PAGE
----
Council for the Development of Social Science Research in Africa
Conseil pour le développement de la recherche en sciences sociales en Afrique
Conselho para o Desenvolvimento da Pesquisa em Ciências Sociais em África
مجلس تنمية البحوث الإجتماعية في أفريقيا

Gender in the Construction of the Democratic Developmental State

12-14 November 2006, Cairo, Egypt

Number of visits: 1524

In the period since the beginning of the 1990s, CODESRIA has been at the
forefront of the quest to harness the efforts of African scholars in both extending
the frontiers of knowledge production around issues of gender, and doing
so in a manner that ensures that for as many scholars as are active in its networks
and at other African sites of scholarly work, gender is integrated into
their frames of analyses. This has been done in line with the Council’s institutional
commitment, integral to its Charter mandate, to produce knowledge that
is not only anchored in the realities of the African continent but which also contributes
to the progressive transformation of livelihoods and is premised on contributions
drawn from multidisciplinary perspectives. The results which have
been accumulated from the experience of the Council and other like-minded
institutions have, at one level, culminated in an efflorescence of studies on various
aspects of the gender dynamics of development, an expansion in the community
of African scholars with an active interest in gender research, the networking
of that community on a sub-regional and pan-African scale, and the
projection of the voices of its members on a global scale.

At another level, however, few will doubt that for all the progress which has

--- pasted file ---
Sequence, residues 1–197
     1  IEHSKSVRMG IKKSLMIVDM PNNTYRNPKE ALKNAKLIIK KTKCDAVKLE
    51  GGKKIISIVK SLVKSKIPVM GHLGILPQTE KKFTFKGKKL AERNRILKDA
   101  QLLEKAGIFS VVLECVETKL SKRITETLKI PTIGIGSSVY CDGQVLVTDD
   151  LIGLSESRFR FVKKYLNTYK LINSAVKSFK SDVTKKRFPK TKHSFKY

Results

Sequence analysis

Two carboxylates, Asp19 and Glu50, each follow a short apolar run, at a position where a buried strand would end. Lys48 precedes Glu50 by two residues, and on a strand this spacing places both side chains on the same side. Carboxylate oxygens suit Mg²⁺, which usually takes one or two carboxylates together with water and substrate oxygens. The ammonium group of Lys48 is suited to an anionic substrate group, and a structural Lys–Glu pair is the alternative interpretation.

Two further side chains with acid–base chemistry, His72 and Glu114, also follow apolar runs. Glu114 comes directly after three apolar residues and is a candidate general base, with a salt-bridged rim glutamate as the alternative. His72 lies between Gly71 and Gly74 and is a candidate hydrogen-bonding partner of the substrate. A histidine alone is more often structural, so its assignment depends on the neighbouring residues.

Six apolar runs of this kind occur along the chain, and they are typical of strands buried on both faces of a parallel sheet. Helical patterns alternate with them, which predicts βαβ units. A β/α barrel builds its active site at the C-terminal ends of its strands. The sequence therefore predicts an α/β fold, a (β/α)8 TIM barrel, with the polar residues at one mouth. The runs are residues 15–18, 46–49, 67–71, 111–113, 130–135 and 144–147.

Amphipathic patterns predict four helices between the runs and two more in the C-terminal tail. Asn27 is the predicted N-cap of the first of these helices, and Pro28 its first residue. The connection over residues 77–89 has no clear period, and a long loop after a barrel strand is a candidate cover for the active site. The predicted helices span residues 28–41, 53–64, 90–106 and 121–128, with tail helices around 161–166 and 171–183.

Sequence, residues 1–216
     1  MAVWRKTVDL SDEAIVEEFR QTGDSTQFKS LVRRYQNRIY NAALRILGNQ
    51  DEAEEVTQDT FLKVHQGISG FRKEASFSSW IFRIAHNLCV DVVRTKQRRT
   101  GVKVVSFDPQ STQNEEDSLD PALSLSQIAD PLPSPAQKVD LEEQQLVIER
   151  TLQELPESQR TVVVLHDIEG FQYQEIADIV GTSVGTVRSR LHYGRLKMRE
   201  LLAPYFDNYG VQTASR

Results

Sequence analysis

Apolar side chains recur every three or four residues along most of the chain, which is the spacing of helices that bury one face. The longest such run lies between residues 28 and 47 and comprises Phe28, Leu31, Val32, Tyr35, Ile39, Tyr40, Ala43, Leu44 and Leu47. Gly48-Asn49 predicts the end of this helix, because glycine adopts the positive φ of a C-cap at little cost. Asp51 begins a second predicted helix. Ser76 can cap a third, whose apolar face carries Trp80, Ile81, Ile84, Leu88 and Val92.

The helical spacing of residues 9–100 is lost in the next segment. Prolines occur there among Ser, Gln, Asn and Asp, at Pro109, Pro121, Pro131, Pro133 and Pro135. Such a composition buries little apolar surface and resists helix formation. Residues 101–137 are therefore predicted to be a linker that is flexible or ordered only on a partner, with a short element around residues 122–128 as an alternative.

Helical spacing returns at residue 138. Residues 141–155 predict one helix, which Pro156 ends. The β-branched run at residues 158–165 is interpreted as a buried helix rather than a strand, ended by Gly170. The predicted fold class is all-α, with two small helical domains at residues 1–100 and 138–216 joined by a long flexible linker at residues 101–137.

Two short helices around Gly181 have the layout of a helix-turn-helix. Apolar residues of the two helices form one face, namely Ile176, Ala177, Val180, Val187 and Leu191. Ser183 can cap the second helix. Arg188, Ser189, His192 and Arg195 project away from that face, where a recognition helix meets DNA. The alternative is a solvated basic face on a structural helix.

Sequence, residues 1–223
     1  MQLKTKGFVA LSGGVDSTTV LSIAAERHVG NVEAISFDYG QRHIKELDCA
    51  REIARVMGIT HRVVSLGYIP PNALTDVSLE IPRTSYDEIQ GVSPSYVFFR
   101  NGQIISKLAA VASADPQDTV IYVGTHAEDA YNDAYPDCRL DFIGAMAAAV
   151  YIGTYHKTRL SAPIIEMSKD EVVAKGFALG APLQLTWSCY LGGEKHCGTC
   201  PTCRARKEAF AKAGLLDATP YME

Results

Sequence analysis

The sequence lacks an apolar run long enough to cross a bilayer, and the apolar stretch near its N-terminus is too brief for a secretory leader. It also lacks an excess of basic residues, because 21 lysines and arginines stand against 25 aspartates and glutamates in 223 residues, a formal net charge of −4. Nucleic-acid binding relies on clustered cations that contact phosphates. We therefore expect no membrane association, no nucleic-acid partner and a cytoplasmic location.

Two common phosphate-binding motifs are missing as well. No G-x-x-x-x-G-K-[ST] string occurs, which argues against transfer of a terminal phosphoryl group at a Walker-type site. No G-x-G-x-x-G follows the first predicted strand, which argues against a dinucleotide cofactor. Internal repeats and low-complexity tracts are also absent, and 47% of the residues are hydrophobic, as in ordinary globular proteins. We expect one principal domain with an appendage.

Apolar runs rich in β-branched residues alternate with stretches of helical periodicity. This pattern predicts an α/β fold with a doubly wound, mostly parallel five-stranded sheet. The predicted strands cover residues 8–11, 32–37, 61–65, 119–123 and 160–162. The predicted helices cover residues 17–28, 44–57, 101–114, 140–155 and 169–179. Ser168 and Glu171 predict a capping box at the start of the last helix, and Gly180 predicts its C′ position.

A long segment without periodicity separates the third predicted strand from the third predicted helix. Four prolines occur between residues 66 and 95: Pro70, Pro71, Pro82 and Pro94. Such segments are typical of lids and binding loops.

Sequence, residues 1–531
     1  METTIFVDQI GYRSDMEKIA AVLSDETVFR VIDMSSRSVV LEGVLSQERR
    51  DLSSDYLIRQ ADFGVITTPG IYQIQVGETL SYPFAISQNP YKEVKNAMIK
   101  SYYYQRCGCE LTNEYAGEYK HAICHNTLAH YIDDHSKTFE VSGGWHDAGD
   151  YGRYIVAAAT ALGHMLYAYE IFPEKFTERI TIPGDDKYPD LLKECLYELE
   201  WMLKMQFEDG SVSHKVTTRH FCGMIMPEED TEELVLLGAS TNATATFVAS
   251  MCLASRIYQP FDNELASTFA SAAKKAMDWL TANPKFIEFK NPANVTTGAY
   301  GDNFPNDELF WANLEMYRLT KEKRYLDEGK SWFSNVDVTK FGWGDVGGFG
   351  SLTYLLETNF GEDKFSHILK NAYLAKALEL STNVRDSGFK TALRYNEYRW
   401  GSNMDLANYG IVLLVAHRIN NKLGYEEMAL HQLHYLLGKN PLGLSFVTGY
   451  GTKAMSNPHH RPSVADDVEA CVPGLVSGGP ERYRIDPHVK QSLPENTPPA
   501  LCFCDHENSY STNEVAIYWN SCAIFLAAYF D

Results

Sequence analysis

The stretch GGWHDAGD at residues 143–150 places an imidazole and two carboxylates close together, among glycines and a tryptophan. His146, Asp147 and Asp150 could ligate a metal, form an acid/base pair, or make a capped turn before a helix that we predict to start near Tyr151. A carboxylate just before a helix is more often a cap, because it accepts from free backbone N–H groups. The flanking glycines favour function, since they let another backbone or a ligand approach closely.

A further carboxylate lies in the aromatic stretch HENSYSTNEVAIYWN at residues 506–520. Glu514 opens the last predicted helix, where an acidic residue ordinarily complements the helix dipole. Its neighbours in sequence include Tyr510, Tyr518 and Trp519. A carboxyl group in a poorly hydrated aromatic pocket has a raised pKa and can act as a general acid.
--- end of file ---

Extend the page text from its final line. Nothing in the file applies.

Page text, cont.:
been made in promoting the idea of the centrality of gender to the robustness
of any social research and the completeness of any project of social transformation,
a considerable amount of work still remains to be done. The challenges
that are posed are many but in summary could be said to centre around the
need to consolidate the many critiques of development that have been made
from various gender – and feminist perspectives into a comprehensive, internally
coherent and consistent set of alternatives on the basis of which further
advances in theory, method and praxis could be achieved. Engendering African
development requires close attention not only to the analytical tools of the
researcher but also a gendered critique of development that questions the very
foundations on which the African developmental process rests and the terms on
which it has proceeded as a pre-requisite for new theoretical approaches and
policy instruments. In sum, what is called for today is a complete paradigm shift
for which new scholarship will be necessary.

To be sure, the Women in Development (WID), Women and Development
(WAD)/Gender and Development (GAD) strategies that shaped policy interventions
and informed scholarly reflections in the 1960s and 1970s went some
way in addressing some of the gender-based silences and contradictions in the
development process. However, they were limited by the fact that they mostly
remained within the established parameters of the conventional theories of development
and the discourses of the exponents of the mainstream approaches.
Also, they tended to limit the terrain of analysis to either narrowly economistic
considerations or perspectives that were beholden to a notion of development
as economic growth. Furthermore, women continued to be treated more as objects
of history rather than makers of history in their own right; they “received”
development but were not the makers of development. Gallant efforts that
were made to draw attention to trends in the informal economy, the cultural
and artistic expressions of women’s developmental work, the status of the domestic
economy of care, the transformation of gender identities in the production and commercial processes, and innovations in science and technology did
not succeed in altering the terms of the debate and generating a fully liberating
alternative discourse in part because of the increased donorisation of gender
as a tool of policy.